Theirs has never been a job for shrinking violets, but vice-chancellors have been told that now, more than ever, they need to show some real brass neck.
Sir Duncan Rice, vice-chancellor of the University of Aberdeen, told a higher education fundraising conference that it was not only essential that university leaders be comfortable going cap in hand to ask alumni for cash, but they should also be able to leave donors with the impression that they were "doing them a favour" by asking them for money.
"In this day and age, there shouldn't be such a thing as a vice-chancellor who is uncomfortable asking for money," he said.
"If you don't have the confidence in the institution you're leading to make donors feel that you're doing them some kind of favour by asking them for money, then you shouldn't be leading it."
He was speaking at a conference held by the Council for Advancement and Support of Education in Liverpool last week.
He added: "Nobody has embarrassment or shame about going to the Government and asking for the money. Why should (asking donors) be any different?"
Sir Duncan's comments follow remarks made by a former vice-chancellor, speaking anonymously to Times Higher Education, who admitted that he had "never been comfortable asking people directly for money".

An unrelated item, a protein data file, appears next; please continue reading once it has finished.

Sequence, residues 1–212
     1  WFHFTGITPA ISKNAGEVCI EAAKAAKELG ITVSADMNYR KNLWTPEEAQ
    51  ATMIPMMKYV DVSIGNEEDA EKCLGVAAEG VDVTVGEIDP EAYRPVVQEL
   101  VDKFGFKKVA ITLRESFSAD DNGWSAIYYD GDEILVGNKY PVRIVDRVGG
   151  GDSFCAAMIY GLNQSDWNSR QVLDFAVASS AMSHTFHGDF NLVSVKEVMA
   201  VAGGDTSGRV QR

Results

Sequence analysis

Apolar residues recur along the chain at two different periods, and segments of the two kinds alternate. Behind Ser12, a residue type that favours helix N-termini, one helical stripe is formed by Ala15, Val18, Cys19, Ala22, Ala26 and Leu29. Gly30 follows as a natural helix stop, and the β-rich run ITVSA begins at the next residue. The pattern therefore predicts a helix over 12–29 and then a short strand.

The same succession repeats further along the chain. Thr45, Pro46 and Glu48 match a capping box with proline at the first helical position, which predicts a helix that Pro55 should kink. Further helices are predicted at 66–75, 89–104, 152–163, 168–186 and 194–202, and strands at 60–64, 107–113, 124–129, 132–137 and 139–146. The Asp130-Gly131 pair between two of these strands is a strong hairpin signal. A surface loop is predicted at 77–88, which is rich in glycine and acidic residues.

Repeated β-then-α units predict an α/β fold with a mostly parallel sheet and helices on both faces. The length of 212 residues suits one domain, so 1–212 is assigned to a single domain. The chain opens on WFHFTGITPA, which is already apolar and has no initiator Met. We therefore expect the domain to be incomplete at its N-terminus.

Sir Duncan told delegates there was a sure-fire way of teaching reluctant vice-chancellors to become confident fundraisers - setting them up with easy successes.
"My advice is to make sure that by the time they go into the meeting with the donor, the development officer has already got a commitment out of the person involved," he said.
"Nothing increases the desire for asking than having done it a few times."
Shirley Pearce, vice-chancellor of Loughborough University, said she understood why some university heads were reticent about asking for donations.
"Particularly if your discipline isn't one that helped you learn interpersonal skills, it's a really hard thing to do," she said.
Conference panellists suggested that fundraisers should be involved in appointing vice-chancellors to ensure alumni relations were at the top of institutions' priorities.
Sir Duncan added that governors and senior staff should also donate cash.
"If you are on a not-for-profit board, you should be giving something, however small," he said.
"I wrote to tell my senior staff that if they didn't feel they could make a donation, then I'd make one in their name. That worked."